Despite information-age worries about the influence of technology causing fewer people to spend an adequate amout of time outdoors, the College of William and Mary’s Outdoor Recreation program is doing just fine.
From backpacking, to spelunking, to kayaking, Outdoor Rec provides a wide variety of opportunities for members of the College community to get out and experience nature in active ways. The program has already completed one trip this semester and has planned seven more to take place before December.
“We provide equipment, transportation there and back, and pay entrance fees,” Walesca Darce, a graduate assistant at the Student Recreation Center, said. “It’s nice to be able to offer that service to students.”
Michael Axline ’13 first went on an Outdoor Rec trip as a part of the Pathways pre-orientation program immediately before the beginning of his freshman year.
“We met at the Rec center, drove out to Shenandoah National Park, and then … set up camp on a campsite and went hiking,” Axline said. “Later, we went partly on the Appalachian Trial, partly on some other trail; we went in a big circle but ended up in the same place.”
No previous experience is required to go on any of the Outdoor Rec trips. They are open to everyone in the area, including students, faculty, staff and others in the community who are interested. Additionally, they do not cost much money, which is unusual for sports such as kayaking and spelunking.
“A lot of trips like these — rock climbing, for example — [require] money to do on your own,” Darce said. “The price is minimal for Outdoor Rec trips.”
According to Theran Fisher, assistant director of Outdoor Rec, the benefits extend beyond getting outside and learning new sports.
“Outdoor Rec is passionate about [getting people outdoors],” Fisher said. “That’s where I found my niche as a college student. It’s an opportunity to get off campus when you usually don’t. You get to meet others you wouldn’t usually meet.”
By going on the trip, Fisher said students are able to become friends with people they’ve never met prior to the trip.
“I loved it,” Axline said. “I am still friends with most of the people that I went on the trip with. I still talk to the camp leader.”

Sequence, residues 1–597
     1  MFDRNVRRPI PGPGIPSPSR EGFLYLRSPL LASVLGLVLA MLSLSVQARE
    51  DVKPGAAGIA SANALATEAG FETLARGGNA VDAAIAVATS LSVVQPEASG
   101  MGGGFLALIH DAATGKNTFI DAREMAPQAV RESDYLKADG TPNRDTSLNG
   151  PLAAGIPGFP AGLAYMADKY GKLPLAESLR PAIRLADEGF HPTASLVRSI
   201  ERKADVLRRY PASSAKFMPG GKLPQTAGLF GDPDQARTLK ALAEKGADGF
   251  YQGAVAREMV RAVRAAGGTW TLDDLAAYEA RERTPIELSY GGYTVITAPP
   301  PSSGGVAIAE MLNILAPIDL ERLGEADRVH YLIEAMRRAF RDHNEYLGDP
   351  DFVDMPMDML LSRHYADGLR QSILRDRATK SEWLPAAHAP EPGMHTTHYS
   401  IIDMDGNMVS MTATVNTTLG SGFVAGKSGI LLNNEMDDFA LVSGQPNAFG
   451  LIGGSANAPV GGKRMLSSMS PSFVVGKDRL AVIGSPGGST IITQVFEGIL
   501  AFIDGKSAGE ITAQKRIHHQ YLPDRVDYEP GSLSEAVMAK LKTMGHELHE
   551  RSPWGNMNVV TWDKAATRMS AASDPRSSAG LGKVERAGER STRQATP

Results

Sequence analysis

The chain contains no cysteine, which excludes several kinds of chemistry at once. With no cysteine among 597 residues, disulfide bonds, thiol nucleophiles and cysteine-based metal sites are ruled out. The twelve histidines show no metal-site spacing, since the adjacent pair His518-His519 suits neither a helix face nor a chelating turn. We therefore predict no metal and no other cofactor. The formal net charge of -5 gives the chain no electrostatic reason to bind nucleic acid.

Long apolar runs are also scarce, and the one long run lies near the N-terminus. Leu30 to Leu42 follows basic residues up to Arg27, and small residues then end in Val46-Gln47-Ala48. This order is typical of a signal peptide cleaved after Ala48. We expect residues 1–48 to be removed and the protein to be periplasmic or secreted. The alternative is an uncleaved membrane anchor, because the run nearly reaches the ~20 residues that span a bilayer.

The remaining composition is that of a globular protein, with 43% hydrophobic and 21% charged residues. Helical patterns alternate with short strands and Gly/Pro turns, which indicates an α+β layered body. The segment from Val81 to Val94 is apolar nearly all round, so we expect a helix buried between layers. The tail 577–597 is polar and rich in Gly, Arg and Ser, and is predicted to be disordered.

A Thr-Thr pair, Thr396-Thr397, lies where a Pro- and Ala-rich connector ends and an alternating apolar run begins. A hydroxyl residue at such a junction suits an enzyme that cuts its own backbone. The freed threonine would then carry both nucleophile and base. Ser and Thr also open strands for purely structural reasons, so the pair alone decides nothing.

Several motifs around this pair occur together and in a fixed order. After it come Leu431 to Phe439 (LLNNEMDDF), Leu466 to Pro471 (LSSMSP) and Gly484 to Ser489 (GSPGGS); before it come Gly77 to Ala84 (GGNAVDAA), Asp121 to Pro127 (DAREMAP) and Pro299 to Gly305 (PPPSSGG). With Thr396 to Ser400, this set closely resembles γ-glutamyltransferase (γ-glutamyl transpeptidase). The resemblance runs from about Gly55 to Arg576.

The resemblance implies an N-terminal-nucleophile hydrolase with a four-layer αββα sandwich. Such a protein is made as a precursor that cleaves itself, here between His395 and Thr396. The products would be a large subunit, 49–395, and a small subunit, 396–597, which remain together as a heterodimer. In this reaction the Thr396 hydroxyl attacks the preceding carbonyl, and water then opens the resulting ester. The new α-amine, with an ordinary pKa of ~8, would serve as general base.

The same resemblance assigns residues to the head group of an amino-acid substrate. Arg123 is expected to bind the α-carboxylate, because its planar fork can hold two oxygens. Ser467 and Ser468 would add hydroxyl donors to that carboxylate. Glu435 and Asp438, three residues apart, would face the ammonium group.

In recent years, studies conducted by various organizations have broadcast concerns to the public that the influx of new technologies is causing, people to spend less time with one another and less time outdoors. The Outdoor Rec program has not had problems attracting people to attend trips. In fact, Darce said, there is more participation on the trips than ever.
“Some of the upcoming trips are actually full with a waiting list,” Darce said. “There’s been a good response. We have the most trip leaders we’ve ever had. They’re very eager. Sometimes they want to lead more trips or make new trips themselves. The interest [for our trips] is there, and we have the people to back it up.”
Fisher and Darce agree that interest areas for young people and outdoor sports have shifted.
“I wouldn’t say this generation is less active,” Fisher said. “I would say it’s active in a different way. Lots of people haven’t had the chance [to do trips like these]. We want to open their eyes.”
Darce pointed out that some aspects of the 21st century, such as the green movement, are actually conducive to interest levels in outdoor recreation.
“There’s a growing interest [in] the environment,” Darce said. “There’s more light shed [on these kinds of trips]. They’re becoming more mainstream.”
Going hiking or canoeing with a fun group of people is a great way to spend a weekend. According to Darce, these trips extend beyond just a few days in the wilderness. He said they form permanent, healthy habits with which participants can continue long after they’ve stopped playing intramural college sports.
“They are lifelong sports, as opposed to some college sports,” Darce said. “I played soccer in college, but that’s not something I’ll be able to do always and I can’t do it on my own. You can hike on your own, and you can do it all your life. [Outdoor Rec] trips create a lifelong entrance to these activities.”